Canon PowerShot A3300 IS Review

April 15, 2011 | Matt Grayson |

Image Quality

All of the sample images in this Review were taken using the 16 megapixel Fine JPEG setting, which gives an average image size of around 4Mb.

Generally speaking, the higher the resolution, the greater the noise problem. This is because they're all tightly packed in together and when you take a picture they generate heat which causes a form of noise on neighbouring pixels. The good news is that Canon told us that they're aware of this type and the noise reduction they fit to the A3300 is geared up to remove it.

Good news for people who enjoy taking pictures at night with no flash but the noise test will see if that rings true or not.
Image quality was pretty consistent with nice colours although a couple of times the multi metering had a problem and would over-expose by a stop. Dropping the exposure compensation down solved the error but it should have been unnecessary.

One area we were impressed with was the macro feature. It has a close focusing setting of 3cm but we managed to get in a bit closer than that, which was nice.


At low settings, noise is handled very well and normally with a camera it this level, noise would start to invade around ISO200 but with the Canon Powershot A3300 IS, we didn't detect any noise until ISO400. At this point it's pretty aggressive as though it's over powered the noise reduction software and left it tied to a chair in a locked room with a bag on its head. Purple discolouration is very noticeable at ISO800 and severe image degradation happens at ISO1600. After all this, it's still a better result than we were expecting and if you're looking to buy a camera like this, it's likely you're not interested in the high ISO performance anyway.

Here are some 100% crops which show the noise levels for each ISO setting:

ISO 80 (100% Crop)

ISO 100 (100% Crop)


ISO 200 (100% Crop)

ISO 400 (100% Crop)


ISO 800 (100% Crop)

ISO 1600 (100% Crop)


The pictures from the Canon Powershot A3300 IS are a little soft straight from camera and do benefit from the standard sharpening that you can perform in editing suites such as Adobe Photoshop. The sample pictures here were edited in Adobe Photoshop CS4. You can also change the in-camera sharpening level to suit your tastes via the My Colors menu option.

Original (100% Crop)

Sharpened (100% Crop)


Focal Range

The Canon Powershot A3300 IS has a modest 5x optical zoom. In general use, we didn't find any lens problems such as edge definition but we did find a lot of blurriness out to the edges when taking pictures in the macro mode.



File Quality

By pressing the function button on the back of the camera, you can change the the image size and compression. The two options are fine and normal and choosing normal over fine will double the amount of pictures you can store on the card but with little noticeable difference to the picture. Here are some 100% crops which show the quality of the various options, with the file size shown in brackets.

16M Fine (100% Crop) 16M Normal (100% Crop)

Chromatic Aberrations

It can be tricky trying to look for purple fringing because lens flare can sometimes give off similar attributes but in our tests, we didn't come across any problems with chroma which is a great result for a camera at this level.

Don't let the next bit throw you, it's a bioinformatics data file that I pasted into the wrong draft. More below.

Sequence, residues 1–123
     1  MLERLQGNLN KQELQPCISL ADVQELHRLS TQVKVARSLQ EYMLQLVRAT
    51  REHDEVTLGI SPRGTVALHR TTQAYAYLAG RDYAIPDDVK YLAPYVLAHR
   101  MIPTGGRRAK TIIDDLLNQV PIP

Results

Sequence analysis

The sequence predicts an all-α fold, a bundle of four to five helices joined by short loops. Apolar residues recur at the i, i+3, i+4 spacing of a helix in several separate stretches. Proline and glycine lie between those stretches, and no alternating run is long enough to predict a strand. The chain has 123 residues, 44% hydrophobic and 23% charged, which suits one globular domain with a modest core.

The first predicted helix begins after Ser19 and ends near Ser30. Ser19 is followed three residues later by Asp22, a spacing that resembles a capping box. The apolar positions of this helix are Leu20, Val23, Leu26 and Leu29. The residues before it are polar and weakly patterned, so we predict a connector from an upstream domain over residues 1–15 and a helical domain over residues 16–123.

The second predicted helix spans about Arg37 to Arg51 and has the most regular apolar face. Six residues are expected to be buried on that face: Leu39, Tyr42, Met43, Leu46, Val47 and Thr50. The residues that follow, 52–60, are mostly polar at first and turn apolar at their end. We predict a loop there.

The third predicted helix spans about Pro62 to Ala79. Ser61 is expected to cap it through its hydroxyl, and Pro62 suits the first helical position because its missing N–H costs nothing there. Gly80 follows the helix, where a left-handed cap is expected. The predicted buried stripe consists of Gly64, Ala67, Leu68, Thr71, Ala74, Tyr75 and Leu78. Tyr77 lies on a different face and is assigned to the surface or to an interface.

Example 1 (100% Crop)

Example 2 (100% Crop)


The Canon Powershot A3300 IS has a close focusing distance of 3cm which is pretty good for a camera at this price as they tend to be sat at around the 5-10cm mark. Of course there are a few exceptions, this being one of them. We noticed that while we were trying to get the optimum focusing point, the camera would double beep focus lock but would actually be out of focus. Edge definition is distinctly lacking as well with only a small portion of the picture in focus at the centre. However, we did manage to get in a bit closer than 3 cm which is great.

Macro Shot

100% Crop


There are four options in the flash menu on the back of the camera; auto flash, forced on, slow synchro and forced off. However, within the main menu is a sub menu called flash settings and this is where you can switch red eye correction on or off as well as the red eye lamp. Light fall off at the wide setting is pretty dramatic with dark vignetted edges while at full telephoto, it doesn't appear at all.

Auto Flash - Wide Angle (35mm)

Auto Flash - Telephoto (140mm)

ISO 64 ISO 64

Taking portraits, exposure using the flash leaves a natural result with no bleaching. However, with tiny amounts of red eye present, the red eye reduction struggles to get rid of it which is a problem in an otherwise flawless performance.

Flash On

Flash On (100% Crop)

Red-eye Correction

Red-eye Correction (100% Crop)

Night Shot

Being an entry level model, the A3300 doesn't have manual controls to adjust shutter speeds and apertures. The only way we could test a long exposure was to reduce the ISO but we only got down to 1 second even at ISO80 at night time.
There's a degree of noise reduction shown by some image distortion on sharp, contrasty edges. At a low ISO, it's likely that this is the predictable heat noise that's being removed.

Night Shot

Night Shot (100% Crop)

Anti Shake

The Canon Powershot A3300 IS boasts 3 different image stabilisation options which can be found in the main menu at the bottom of the shooting tab. Here you can choose from continuous, which drains the battery but shows you the stabilised image on screen. Shoot only mode will stabilise the picture as you take it but not show you on the preview monitor. Then there's the panning mode if you're shooting cars and need to move with them. During this type of image stabilisation, the camera only uses the stabilisation on the horizontal axis.

Shutter Speed / Focal Length

Anti Shake Off (100% Crop)

Anti Shake On (100% Crop)

0.8 sec / 28mm